Every year we have several of our producer-partners giving us these insights. Last year, one of our largest producer-partners who grow organic carrots, had a contract with a large grocer who was supposed to buy the whole yield of 250 tons of carrots. A few weeks after delivering it all, he received a staggering 90 tons back. Why? “It was not fitting for the market. Too big, too small, not the right color, or not straight”. But, perfectly edible and nutritious. It is just that the “system” has defined a range for all types of produce that ‘we, the consumers, want’ (however, they did not ask me). In this case, it resulted in the farmer having 90 tons of perfectly edible and organic carrots, that he had to use for animal feed and plow back into the fields. Now, if you as a customer choose to buy this “food waste” — you are in practice supporting this broken system.

Picture 2: Carrot harvest 2021 — where a large part of the carrots never made it to the customer

Shockingly, this story comes around again and again for producers who have worked “with the system”. They typically receive back 30–50% of the fruits and vegetables they are contractually obliged to deliver (and told to produce for that matter). To make things worse, in many cases producers are bound to an exclusivity clause in their contracts. This restricts the producers from selling to other channels. Consequently, perfectly edible food is used to feed livestock or plowed back into the soil.

Consumers and professional customers all love the idea of fighting food waste and buying second-grade produce. It is agreeably a very noble act to be a food saver. Yet, food waste is a symptom of a broken system. By buying second-grade produce or food waste, they are only supporting a system that is utterly broken. In the end, there shouldn’t really be first and second-grade produce at all, when it’s all edible and of good quality.

Then, you also have the issue of warehousing and expiration of produce — as grocers buy large quantities of the same produce, and push it out after it’s been bought (a supply driven set-up).

What can be done?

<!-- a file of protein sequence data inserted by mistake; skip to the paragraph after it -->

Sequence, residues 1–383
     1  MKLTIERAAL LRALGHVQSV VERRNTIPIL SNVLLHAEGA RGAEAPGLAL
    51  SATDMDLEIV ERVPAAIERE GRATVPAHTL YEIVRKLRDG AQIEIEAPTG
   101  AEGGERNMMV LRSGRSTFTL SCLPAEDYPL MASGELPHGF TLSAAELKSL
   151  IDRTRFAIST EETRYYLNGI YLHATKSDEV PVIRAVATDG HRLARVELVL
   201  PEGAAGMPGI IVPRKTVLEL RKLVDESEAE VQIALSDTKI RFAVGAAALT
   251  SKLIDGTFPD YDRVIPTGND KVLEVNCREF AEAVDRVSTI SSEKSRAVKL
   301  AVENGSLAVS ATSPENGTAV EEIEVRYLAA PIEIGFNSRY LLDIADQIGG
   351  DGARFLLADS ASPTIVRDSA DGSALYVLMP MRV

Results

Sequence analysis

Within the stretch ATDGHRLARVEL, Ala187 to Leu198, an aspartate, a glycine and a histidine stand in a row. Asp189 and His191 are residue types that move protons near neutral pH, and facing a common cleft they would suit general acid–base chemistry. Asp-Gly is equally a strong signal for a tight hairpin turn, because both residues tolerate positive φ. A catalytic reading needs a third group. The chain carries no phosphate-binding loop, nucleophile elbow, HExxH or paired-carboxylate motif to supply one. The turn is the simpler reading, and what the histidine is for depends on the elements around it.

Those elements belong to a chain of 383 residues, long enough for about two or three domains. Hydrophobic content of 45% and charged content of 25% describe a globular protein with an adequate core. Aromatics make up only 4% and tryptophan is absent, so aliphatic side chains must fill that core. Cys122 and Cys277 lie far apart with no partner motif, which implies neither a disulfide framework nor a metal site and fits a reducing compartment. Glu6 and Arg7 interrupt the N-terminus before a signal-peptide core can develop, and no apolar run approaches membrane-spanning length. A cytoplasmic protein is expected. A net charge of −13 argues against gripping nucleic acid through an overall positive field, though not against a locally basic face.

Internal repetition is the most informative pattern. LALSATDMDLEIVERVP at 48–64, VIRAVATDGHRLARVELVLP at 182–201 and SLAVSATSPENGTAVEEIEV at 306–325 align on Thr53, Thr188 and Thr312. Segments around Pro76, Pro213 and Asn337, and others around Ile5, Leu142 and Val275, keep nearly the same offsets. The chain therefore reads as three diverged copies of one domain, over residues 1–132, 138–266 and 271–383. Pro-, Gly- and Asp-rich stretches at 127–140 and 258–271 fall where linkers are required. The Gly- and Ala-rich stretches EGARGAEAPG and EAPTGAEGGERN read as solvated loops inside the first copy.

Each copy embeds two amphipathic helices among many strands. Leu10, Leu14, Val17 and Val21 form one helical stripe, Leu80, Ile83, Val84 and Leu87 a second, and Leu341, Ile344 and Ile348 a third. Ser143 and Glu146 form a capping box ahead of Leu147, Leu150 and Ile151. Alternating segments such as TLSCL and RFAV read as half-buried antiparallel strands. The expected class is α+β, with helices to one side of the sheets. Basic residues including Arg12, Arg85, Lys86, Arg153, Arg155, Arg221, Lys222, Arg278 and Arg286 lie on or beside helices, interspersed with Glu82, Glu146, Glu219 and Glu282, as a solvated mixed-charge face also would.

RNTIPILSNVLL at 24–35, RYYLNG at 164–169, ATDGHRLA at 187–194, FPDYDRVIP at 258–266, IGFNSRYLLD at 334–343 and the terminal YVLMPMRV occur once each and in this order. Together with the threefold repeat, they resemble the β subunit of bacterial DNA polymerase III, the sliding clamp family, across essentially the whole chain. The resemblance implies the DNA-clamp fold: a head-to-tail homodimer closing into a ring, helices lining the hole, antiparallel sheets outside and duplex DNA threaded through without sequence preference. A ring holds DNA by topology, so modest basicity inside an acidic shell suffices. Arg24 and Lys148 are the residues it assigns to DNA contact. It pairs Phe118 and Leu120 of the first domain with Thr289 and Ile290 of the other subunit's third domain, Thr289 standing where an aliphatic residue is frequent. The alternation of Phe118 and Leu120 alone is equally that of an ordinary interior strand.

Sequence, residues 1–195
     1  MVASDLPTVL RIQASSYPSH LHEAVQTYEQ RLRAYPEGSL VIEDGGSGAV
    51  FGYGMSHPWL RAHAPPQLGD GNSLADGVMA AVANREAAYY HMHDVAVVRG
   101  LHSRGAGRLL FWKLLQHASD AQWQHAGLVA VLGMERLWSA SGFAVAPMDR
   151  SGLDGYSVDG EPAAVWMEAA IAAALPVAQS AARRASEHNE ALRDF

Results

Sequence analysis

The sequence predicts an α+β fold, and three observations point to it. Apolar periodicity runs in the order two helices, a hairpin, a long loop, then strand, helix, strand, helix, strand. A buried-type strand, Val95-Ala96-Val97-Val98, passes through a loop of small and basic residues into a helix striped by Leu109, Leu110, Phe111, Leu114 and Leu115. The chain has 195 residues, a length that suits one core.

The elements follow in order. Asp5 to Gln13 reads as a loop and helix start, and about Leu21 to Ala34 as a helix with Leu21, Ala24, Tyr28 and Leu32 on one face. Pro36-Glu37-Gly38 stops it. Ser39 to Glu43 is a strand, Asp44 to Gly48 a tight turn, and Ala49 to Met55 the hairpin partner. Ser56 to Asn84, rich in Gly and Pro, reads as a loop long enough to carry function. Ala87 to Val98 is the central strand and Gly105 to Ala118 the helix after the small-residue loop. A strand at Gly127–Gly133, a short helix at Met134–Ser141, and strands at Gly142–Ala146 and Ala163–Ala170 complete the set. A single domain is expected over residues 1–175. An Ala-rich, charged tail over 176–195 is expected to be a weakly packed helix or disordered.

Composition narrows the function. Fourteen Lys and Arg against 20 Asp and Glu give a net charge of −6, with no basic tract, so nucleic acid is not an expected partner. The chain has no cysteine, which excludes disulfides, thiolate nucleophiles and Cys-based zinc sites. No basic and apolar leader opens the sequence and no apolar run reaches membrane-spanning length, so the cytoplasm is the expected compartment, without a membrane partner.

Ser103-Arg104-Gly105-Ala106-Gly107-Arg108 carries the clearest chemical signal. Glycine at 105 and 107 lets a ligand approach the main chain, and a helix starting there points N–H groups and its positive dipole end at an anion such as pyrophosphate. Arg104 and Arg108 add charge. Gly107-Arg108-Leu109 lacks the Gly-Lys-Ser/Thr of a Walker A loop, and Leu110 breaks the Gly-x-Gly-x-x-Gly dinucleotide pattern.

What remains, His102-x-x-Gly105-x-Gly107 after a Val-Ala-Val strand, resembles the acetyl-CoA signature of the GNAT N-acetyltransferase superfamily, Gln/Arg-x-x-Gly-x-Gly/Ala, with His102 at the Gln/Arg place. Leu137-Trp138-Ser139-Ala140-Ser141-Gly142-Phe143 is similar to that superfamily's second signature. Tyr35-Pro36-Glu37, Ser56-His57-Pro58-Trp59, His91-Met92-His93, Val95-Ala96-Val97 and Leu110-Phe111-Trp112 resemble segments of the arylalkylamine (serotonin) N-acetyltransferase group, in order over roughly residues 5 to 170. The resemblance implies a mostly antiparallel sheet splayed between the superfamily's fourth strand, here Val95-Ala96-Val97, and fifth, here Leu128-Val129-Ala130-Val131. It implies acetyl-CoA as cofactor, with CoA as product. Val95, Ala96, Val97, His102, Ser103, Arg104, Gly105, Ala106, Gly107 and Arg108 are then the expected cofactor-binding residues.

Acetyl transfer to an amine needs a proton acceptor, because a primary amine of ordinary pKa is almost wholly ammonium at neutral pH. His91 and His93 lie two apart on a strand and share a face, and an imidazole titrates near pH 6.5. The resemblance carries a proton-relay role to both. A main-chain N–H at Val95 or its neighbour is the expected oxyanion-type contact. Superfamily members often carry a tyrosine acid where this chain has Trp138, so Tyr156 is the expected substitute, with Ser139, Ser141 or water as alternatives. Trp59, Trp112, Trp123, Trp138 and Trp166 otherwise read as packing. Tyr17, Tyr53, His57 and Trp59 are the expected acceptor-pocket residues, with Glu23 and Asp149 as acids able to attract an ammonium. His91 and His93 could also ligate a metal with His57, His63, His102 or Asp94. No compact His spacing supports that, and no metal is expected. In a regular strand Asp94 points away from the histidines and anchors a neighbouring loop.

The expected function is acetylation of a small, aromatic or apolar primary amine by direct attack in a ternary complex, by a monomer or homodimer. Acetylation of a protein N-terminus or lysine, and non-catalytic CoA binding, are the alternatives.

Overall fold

It is actually quite simple. Buy as much as possible directly from the producers. Avoid grocers and wholesalers. Following the FAO definition of food waste, the easiest way forward is to skip all the players between the producers and you — the customer. By making sure the farmers can sell the vast majority of their produce directly, you will contribute to building the new food system that we need. A local, direct, and transparent food system. By doing so, there will be less overproduction, less soil depletion, less industrial farming, a wider variety of crops, higher quality and more tasty produce. As a consequence, we will have more and happier farmers freed from the yoke of the current food system. Of course — the current food system is extremely complex and there are a lot of moving and interdependent variables. So, there will still be a need for multiple initiatives and players pushing different parts of the food value chain. However, for a large volume of the produce — buying direct solves a majority of the problems, I’d argue.

Picture 3: Farmers and chefs meeting face to face to plan direct trade the coming season at a community based event in Oslo, 2022

Furthermore, you as a consumer (private or professional), will get several other benefits:

  • Fresher food (avoid days in transport and warehouses)
  • Ensure that the money goes directly to the ones that really deserve it
  • Get access to food that the food system cannot handle
  • Customise specific type of produce (shapes and size)
  • The excitement of buying seasonal food

At Dagens we have built tools to help producers and professional buyers buy direct. We are building technology that enables direct trade for producers, and facilitating a supply chain that is short, robust, and with zero food waste. We have to build a producer-first supply chain, as drawn up below. And at Dagens— we don’t talk about food waste — as we do not have food waste in our supply chain. In 2021 Dagens facilitated 120 tons of produce (all types of produce) across Norway and Denmark, from 123 producers, and to 248 professional buyers — with 0 food waste.

Figure 3: Dagens supply chain for local, directly traded food

So, join the revolution — be a food rebel with us, and help build a transparent food system where food waste is no longer an issue!




Direct trade from farm to kitchen. Co-creating a transparent and resilient food system. Live in Denmark and Norway.